1. What are some ways to be less insecure?

  • Improving your confidence
  • Talking positively about yourself.
  • Always thinking you are the best.

2. What is insecurity? Where does it come from?

Insecurity describes having an inadequate feeling about yourself, implying you are not good enough. It comes from self-talk that is negative and a lack of self-esteem.

3. How do people develop insecurities?

Most people develop insecurities after comparing themselves to others. It may be as a result of being different from the rest and perceive it negatively or thinking they are not where they should be.

4. What are examples of insecurities?

Social insecurity

It originates from how our peers perceive us. It can go on and on, later resulting in social anxiety disorder accompanied by loneliness and reduced self-esteem.

Body insecurity

Body image is a common insecurity where someone feels insecure about their looks. It can be health wise or physical appearance.

5. How can you heal your insecurities?

By first identifying the causes of your insecurities to help move past them.

6. How can you become more confident?

I recommend self-acceptance and accepting mistakes. Thereafter, it is best to practice self-care techniques that will improve self-love.

 7. Can you list some strategies for becoming less insecure?

I recommend the following;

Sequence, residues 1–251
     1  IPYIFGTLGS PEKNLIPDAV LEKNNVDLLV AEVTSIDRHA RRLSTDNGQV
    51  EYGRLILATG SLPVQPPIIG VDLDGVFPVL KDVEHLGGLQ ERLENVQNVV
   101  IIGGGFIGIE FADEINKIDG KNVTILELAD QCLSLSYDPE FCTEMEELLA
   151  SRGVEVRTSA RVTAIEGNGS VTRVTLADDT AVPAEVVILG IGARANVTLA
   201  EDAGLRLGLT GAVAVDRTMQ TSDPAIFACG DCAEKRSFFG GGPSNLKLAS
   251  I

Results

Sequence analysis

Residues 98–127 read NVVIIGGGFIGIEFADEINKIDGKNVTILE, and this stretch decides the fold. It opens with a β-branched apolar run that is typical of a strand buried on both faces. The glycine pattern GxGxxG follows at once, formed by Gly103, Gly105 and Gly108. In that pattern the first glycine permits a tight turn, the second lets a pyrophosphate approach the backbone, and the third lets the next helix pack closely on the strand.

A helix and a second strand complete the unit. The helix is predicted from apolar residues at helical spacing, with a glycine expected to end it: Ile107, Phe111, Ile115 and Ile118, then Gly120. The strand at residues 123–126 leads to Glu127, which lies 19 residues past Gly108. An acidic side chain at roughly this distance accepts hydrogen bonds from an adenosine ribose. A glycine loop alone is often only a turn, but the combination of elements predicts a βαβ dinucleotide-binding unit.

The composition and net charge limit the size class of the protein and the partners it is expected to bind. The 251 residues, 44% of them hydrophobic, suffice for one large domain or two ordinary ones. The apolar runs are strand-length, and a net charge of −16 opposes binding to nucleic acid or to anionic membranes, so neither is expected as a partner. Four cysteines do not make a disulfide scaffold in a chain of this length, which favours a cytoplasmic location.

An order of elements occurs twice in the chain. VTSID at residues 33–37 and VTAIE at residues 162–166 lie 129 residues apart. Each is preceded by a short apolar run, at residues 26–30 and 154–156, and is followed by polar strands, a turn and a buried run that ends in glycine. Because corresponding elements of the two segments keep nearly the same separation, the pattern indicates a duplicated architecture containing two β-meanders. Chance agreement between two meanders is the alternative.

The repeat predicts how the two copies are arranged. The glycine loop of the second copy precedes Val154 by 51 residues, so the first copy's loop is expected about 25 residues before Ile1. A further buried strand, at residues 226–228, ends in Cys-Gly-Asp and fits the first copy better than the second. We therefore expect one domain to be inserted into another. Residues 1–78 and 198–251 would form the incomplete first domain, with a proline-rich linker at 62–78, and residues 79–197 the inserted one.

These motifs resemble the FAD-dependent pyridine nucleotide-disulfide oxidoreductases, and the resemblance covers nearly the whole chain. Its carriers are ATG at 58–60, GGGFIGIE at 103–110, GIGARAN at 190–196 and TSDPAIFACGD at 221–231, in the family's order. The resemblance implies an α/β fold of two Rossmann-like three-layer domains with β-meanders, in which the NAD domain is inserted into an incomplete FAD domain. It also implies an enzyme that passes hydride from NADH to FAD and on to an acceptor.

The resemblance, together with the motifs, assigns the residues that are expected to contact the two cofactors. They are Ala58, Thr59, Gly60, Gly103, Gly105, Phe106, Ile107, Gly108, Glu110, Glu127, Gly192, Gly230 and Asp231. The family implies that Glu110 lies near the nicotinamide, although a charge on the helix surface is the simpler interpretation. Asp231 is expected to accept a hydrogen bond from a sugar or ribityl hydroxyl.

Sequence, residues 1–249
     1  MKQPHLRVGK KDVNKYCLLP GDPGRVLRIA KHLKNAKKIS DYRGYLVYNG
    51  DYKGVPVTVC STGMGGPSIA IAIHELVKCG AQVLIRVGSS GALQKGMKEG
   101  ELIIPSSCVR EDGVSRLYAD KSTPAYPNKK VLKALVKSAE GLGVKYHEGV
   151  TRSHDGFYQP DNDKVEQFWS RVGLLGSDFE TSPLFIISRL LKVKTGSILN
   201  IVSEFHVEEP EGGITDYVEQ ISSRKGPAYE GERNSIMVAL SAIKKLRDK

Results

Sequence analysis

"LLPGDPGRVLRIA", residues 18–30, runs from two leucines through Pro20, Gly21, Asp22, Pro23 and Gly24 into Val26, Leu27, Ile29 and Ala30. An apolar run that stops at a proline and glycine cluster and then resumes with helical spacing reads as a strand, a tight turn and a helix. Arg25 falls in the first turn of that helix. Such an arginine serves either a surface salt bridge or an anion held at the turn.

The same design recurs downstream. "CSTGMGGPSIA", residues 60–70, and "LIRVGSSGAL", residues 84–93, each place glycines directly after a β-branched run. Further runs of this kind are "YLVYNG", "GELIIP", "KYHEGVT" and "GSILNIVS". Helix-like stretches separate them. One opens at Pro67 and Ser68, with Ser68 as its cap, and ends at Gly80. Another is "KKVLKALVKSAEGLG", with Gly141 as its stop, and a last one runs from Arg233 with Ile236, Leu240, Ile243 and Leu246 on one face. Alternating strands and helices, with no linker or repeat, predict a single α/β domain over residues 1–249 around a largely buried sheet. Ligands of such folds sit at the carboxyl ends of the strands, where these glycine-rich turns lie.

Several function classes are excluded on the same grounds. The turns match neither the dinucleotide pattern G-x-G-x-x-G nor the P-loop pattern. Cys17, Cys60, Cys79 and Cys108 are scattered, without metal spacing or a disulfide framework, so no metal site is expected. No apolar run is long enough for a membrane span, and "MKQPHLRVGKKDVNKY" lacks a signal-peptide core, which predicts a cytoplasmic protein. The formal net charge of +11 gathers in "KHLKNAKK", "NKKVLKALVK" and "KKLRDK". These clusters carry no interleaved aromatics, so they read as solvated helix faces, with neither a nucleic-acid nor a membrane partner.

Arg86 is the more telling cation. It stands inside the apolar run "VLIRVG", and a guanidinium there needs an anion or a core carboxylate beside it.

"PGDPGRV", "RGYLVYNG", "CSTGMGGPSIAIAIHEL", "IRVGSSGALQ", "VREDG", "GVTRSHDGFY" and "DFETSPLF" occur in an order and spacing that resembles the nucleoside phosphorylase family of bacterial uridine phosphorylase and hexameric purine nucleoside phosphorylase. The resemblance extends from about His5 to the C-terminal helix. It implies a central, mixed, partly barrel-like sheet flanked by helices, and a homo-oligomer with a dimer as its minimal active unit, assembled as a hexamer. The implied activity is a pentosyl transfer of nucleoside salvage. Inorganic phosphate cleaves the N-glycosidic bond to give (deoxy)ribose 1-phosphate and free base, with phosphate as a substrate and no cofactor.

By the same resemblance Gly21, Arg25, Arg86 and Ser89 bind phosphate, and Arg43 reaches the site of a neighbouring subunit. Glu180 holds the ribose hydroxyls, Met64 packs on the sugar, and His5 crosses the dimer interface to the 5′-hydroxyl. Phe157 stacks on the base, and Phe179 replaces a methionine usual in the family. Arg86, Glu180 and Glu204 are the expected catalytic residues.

Social networks

Create meaningful connections with coworkers, family, and friends. Research proves that such relationships can help lower anxiety and other insecurities. Most individuals who detach from others because of insecurities possibly develop mental problems. Other tips include;

  • Release people and circumstances that cause more insecurities.
  • Never avoid your emotions, confront them.
  • Appreciate any progress and feel proud, regardless of the magnitude.
Anastasia Filipenko

Anastasia Filipenko is a health and wellness psychologist, dermatolist and a freelance writer. She frequently covers beauty and skincare, food trends and nutrition, health and fitness and relationships. When she's not trying out new skincare products, you'll find her taking a cycling class, doing yoga, reading in the park, or trying a new recipe.

MS, University of Tartu
Sleep specialist

Using the acquired academic and professional experience, I advise patients with various complaints about mental health - depressed mood, nervousness, lack of energy and interest, sleep disorders, panic attacks, obsessive thoughts and anxieties, difficulty concentrating, and stress. In my free time, I love to paint and go on long walks on the beach. One of my latest obsessions is sudoku – a wonderful activity to calm an unease mind.

Nutritionist, Cornell University, MS

I believe that nutrition science is a wonderful helper both for the preventive improvement of health and adjunctive therapy in treatment. My goal is to help people improve their health and well-being without torturing themselves with unnecessary dietary restrictions. I am a supporter of a healthy lifestyle – I play sports, cycle, and swim in the lake all year round. With my work, I have been featured in Vice, Country Living, Harrods magazine, Daily Telegraph, Grazia, Women's Health, and other media outlets.

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